Q. What does mathematics have to do with art? (Hint – the illustration below offers quite a few clues).
A. A whole lot,
actually. Mathematics has long been defined as “Art, motivated by
Beauty”; moreover, “Maths” (as the Brits call it) and the Arts have been
interwoven almost since the beginning of recorded history. Think of
Pythagoras, DaVinci, M.C. Escher, or 21st Century architect Frank Gehry,
to name four out of thousands of artists through the ages whose work
has been informed and inspired by mathematics. In fact, none other than
renowned philosopher/mathematician Bertrand Russell said: “Mathematics,
rightly viewed, possesses not only truth, but supreme beauty”. In our
present hyper-digital era, “Maths” is everywhere in the arts - even in
unsuspected places like the movies (think CGI-intensive films like
“Pete’s Dragon”, or the “Harry Potter” and “Star Wars” sagas). And the
number of artists who utilize higher mathematics – often without
realizing it – is growing every day, as more and more people discover
the incredible power of computer-generated imagery.
with that introduction, your MIT Club of Maine is proud to invite you
to join us on September 15th and meet our next guest lecturer, Dr. Frank Farris,
of Santa Clara (CA) University. He has invented a brand-new way to
create dazzling symmetrical images using waveforms. Below, he describes
what he does and what he’ll tell us. (Incidentally, he has promised that
he will emphasize the artistic, rather than the computational, parts of
the process – so as not to unnerve those of us whose math skills are
well, rusty ... Or worse)
the always-intriguing intersection of mathematics and art, Frank Farris
introduces the mathematics of symmetry and how to create mind-blowing
symmetrical images using his new waveform technique. He came up with
this concept by rejecting the traditional wisdom that “wallpaper*”
patterns must be built up from blocks - a sort of potato-stamp method.
Instead, he created patterns from continuous waves. In today’s talk, Dr.
Farris will describe the role of complex numbers in his wallpaper
method and will touch on other topics in symmetry, from color-reversing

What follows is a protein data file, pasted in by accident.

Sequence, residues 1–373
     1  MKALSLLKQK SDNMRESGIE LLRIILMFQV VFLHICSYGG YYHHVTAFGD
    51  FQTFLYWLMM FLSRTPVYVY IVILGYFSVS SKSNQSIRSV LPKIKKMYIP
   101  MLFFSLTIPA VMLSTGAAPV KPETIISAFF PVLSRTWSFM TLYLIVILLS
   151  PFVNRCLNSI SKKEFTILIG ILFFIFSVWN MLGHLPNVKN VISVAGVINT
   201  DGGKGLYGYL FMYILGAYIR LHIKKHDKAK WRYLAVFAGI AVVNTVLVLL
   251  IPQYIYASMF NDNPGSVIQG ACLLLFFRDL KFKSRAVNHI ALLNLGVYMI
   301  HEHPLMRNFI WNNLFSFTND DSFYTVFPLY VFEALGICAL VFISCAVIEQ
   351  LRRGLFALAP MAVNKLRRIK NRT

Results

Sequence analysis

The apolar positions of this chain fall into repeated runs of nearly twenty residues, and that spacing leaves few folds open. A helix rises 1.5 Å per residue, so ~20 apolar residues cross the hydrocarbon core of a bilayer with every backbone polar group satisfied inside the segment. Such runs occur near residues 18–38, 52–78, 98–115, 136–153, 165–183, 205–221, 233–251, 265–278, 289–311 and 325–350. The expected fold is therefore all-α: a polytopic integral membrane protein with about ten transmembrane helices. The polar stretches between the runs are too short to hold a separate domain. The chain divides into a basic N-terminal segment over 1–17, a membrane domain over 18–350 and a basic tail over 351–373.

patterns to polyhedral and hyperbolic symmetry. He’ll show us how wave
functions can draw on photographic images to create beautifully
symmetrical patterns. His main focus will be on art, but in the
background you’ll be able to glimpse such mathematical topics as group
theory, functional analysis, and partial differential equations.” *Some
So please join us for a
delicious pub luncheon at 12:00 noon on Thursday, 15 September 2016, at
Joshua’s Tavern, 123 Maine Street, Brunswick ME. We’ll enjoy good
victuals and conversation, and then have a peek “behind the veil” of a
fascinating new technique for making fine art. Y’all come!
11:30 a.m. – cash bar and social
12:00 p.m. – Lunch
12:45 p.m. – program starts
02:00 p.m. – program ends
NOTE: As a prelude to our lunch meeting, a gallery show of Dr. Farris’ art will open on September 12, 2016 at Bowdoin College,
as part of the Symmetry Works! Initiative, a multi-phase project at the
College. Similar exhibitions of his work have also appeared at Cornell
University, Carleton College, the University of Minnesota, and Pomona
College. He is the author of Creating Symmetry, The Artful Mathematics of Wallpaper Patterns, from Princeton University Press.
Driving Directions to Joshua’s Tavern, 123 Maine Street, Brunswick, ME 04011
Take I-295 to Brunswick, exit onto Pleasant Street (US
Rte.1). Continue straight on Pleasant St. to Maine Street; turn left.
Joshua’s Tavern is about two blocks down Maine Street, on the right and
just before Center Street. Look for the blue awning. Diagonal on-street
parking is available in front of the Tavern and in municipal parking
lots behind it, accessible via Center Street.